Our resistance to love
November 1st, 2016
By Father Ron Rolheiser
There’s nothing simple about being a human being. We’re a mystery to ourselves and often our own worst enemies. Our inner complexity befuddles us and, not infrequently, stymies us. Nowhere is this truer than in our struggle with love and intimacy.
More than anything else, we hunger for intimacy, to be touched where we are most tender, where we are most ourselves, where all that’s most precious in us lies, vulnerable and yearning. Yet, in the actual face of intimacy, sensitive people often become disquieted and resistant.
We see two powerful instances of this in the Gospels: The first in a story, recorded in all four Gospels, where a woman enters a room where Jesus is dining and, in a series of lavish gestures, breaks an expensive bottle of perfume, pours the perfume onto his feet, washes his feet with her tears, dries them with her hair, and then begins to kiss his feet. What’s the response of those in the room, save for Jesus? Everyone shifts uncomfortably in their chairs in the face of this raw expression of love.
Among other things, he points out that, ironically, what they are uncomfortable with is what lies at the very center of life and at the very center of their deepest desires, namely, the pure giving and receiving of love and affection. It’s this, Jesus affirms, for which we are alive and it’s this experience which prepares us for death. It’s what we are alive for. It’s also what we most yearn for? So why our discomfort and resistance when we actually face it in life?
The second instance occurs in John’s Gospel where, at the Last Supper, Jesus tries to wash his disciples’ feet. As John records it, Jesus got up from the table, stripped off his outer robe, took a basin and towel, and began to wash his disciples’ feet. But he meets discomfort and resistance, clearly voiced by Peter who simply tells Jesus: “Never! You will never wash my feet!”
Why? Why the resistance? Why resistance in the face of the fact that, no doubt, more than anything else, what Peter most deeply desired was exactly that Jesus should wash his feet, that he would enjoy this kind of intimacy with Jesus?
Answering the question of our struggle with intimacy in this context provides one clue for why we sometimes become uncomfortable and resistant when we are in the actual face of what we desire so deeply. Our feet are too-intimate; they’re a part of our bodies where we worry about dirt and smell, not a part of ourselves that we feel comfortable having others touch. There’s an innate vulnerability, a discomfort, an inchoate shame, attached to having someone else touch and wash so intimate a part of us. Intimacy demands an ease which our vulnerability sometimes renders impossible. And so this text speaks to one kind of resistance to intimacy, to a particular unease within certain circumstances.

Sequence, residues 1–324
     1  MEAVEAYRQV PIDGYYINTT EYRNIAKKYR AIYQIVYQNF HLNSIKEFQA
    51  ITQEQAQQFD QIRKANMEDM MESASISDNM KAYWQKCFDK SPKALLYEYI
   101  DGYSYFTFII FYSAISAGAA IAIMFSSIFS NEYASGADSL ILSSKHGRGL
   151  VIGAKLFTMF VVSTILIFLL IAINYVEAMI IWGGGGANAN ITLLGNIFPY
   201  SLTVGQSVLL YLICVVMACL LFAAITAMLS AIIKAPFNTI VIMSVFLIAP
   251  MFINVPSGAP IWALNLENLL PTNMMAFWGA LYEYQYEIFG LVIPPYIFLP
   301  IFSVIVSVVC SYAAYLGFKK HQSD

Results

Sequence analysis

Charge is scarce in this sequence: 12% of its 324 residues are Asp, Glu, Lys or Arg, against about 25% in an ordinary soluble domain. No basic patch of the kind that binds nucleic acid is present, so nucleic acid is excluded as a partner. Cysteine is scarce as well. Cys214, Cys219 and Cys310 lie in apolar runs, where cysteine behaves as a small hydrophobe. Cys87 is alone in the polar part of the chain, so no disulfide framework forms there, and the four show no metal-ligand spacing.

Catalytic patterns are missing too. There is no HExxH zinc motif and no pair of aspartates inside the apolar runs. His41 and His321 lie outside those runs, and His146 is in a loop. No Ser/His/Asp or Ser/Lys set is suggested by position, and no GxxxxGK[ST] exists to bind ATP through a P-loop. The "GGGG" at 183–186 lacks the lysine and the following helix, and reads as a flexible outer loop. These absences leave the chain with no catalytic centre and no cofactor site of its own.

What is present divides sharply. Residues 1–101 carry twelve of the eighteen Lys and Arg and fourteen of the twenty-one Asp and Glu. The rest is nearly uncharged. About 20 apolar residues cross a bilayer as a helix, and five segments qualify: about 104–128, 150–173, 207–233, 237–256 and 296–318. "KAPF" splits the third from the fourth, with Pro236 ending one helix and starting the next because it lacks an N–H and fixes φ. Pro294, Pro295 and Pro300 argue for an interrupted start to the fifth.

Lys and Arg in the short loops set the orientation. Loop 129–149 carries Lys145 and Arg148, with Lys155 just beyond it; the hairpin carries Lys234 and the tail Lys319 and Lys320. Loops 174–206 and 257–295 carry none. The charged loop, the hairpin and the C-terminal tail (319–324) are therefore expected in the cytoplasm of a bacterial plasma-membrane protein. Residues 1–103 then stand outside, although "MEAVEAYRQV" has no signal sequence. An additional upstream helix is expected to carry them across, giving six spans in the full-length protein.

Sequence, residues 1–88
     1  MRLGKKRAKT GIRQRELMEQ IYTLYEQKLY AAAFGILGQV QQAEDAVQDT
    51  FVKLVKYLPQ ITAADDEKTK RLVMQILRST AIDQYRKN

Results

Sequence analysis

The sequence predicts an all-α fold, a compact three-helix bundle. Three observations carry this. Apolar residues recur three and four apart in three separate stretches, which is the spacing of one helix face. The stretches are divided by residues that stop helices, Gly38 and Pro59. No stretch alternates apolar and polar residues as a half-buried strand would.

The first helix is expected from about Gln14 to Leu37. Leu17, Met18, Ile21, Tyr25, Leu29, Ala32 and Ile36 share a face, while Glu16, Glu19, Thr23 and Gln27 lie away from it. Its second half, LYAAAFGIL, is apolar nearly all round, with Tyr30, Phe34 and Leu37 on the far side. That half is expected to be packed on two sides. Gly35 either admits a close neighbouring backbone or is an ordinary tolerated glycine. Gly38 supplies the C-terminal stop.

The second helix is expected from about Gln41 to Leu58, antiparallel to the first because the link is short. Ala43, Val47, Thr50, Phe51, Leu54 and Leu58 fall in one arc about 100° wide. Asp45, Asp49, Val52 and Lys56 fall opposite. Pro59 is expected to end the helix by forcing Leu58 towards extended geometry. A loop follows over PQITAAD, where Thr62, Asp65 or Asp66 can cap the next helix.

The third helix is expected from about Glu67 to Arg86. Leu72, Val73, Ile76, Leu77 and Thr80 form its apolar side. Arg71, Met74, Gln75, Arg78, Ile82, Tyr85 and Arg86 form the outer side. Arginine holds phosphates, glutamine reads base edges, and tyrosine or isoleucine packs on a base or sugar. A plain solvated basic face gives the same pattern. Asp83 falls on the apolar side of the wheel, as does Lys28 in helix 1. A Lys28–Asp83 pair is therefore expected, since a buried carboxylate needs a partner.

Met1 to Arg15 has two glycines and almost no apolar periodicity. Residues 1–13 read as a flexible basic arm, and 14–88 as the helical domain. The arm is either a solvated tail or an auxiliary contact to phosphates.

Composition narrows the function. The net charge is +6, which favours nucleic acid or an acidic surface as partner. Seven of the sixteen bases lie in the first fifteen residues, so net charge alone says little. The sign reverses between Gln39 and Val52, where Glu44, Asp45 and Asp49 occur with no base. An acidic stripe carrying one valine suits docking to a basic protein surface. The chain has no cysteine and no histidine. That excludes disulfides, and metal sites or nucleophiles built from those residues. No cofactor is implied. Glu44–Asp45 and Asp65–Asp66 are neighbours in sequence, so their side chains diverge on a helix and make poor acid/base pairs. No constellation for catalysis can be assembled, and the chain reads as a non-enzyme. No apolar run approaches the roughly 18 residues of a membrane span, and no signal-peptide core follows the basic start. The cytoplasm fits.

But Peter’s resistance here speaks too of something else, something more salient: If we are healthily sensitive, we all will naturally experience a certain discomfort and resistance in the face of raw gift, before raw intimacy, before raw gratuity. And, while this is something to be overcome, it’s not a fault, a moral or psychological flaw on our part. On the contrary, in its normal expression, it’s a sign of moral and psychological sensitivity. Why do I say this?
Why is something that seems to block us from moving toward the very essence of life not a sign that there’s something fundamentally wrong inside of us? I suggest that it’s not a flaw but rather a healthy mechanism inside us because narcissistic, boorish, and insensitive persons are often immune to this discomfort and resistance.
Sensitive people, on the other hand, struggle with the rawness of intimacy because genuine intimacy, like heaven, is not something that can be glibly or easily achieved.
It is salvation. It is the kingdom. Thus, like the kingdom, both the road and the gate toward it are narrow, not easily found. So be gentle, patient, and forgiving toward others and self in that struggle.
Oblate Father Rolheiser is president of the Oblate School of Theology in San Antonio, Texas; www.ronrolheiser.com.
From November 3, 2016 issue of Catholic San Francisco.